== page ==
Some eye-tracking studies give us insight on this…
First, one study found that balloon position did have an impact on how often people skipped over content. They found that panels were skipped if they followed a panel that had a balloon with a dense amount of text. Breaking apart that balloon into smaller balloons with less text lead to less skipping over panels. This implies that alterations to balloons can have an impact on reading behavior.
compared the eye-movements of “novice” and “expert” readers as they navigated through comic pages. The inexperienced comic reader had erratic eye-movements across a page and focused much more on the text. In contrast, the experienced comic reader had a very deliberate order of reading, and focused on the images much more than the text. This implies that an experienced reader would not jump around to whatever balloons are closest, but an inexperienced reader might.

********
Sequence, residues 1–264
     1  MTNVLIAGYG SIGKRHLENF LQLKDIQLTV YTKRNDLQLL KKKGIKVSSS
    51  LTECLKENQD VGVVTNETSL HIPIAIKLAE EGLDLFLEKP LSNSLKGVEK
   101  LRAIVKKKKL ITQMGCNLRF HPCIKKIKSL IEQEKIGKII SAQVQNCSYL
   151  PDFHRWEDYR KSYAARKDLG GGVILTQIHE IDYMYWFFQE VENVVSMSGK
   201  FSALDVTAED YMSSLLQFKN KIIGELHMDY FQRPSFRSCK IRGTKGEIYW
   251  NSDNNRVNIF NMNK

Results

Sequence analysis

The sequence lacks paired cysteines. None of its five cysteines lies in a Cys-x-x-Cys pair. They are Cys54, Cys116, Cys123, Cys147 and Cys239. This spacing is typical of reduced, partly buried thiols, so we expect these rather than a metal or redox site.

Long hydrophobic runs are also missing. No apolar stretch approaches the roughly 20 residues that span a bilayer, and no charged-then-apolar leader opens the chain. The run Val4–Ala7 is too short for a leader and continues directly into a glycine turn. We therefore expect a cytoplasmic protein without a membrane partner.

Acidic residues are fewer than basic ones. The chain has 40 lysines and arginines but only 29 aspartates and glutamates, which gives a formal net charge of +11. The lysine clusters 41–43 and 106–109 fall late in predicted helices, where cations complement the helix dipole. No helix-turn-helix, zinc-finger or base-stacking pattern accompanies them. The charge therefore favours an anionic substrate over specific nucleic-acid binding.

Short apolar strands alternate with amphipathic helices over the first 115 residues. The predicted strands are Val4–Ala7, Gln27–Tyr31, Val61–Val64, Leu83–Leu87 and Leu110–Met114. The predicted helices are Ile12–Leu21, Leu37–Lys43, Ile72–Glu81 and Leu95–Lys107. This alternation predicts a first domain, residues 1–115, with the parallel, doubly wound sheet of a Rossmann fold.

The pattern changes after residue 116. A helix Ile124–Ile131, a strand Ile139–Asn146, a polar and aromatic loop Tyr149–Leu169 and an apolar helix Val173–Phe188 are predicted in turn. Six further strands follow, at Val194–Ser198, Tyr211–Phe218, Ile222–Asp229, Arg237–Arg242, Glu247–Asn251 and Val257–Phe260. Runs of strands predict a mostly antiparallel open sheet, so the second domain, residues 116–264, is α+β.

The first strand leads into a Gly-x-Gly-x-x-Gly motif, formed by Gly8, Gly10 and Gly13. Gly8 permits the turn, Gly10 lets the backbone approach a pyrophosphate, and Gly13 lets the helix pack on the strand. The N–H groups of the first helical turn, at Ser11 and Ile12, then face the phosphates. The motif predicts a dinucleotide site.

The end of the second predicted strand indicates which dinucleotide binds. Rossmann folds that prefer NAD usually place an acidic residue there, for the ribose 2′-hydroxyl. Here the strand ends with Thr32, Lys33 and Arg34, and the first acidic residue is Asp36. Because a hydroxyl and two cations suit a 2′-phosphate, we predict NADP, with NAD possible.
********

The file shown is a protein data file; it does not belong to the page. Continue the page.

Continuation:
Thus, in this case Campbell’s rules might, as is their aim, help an inexperienced reader.
Rule #4: Timing only exists in comics if the reader agrees to play the game.
Unless I am mistaken, this rule has to do with people who read ahead in a book so that crucial information is known before it’s read in the narrative. This has little to do with the structure of the narrative, and has to do with people flipping through a book beforehand. Contrary to Campbell’s claim, I don’t see how it’s any different with skipping ahead in a novel except that images show you content.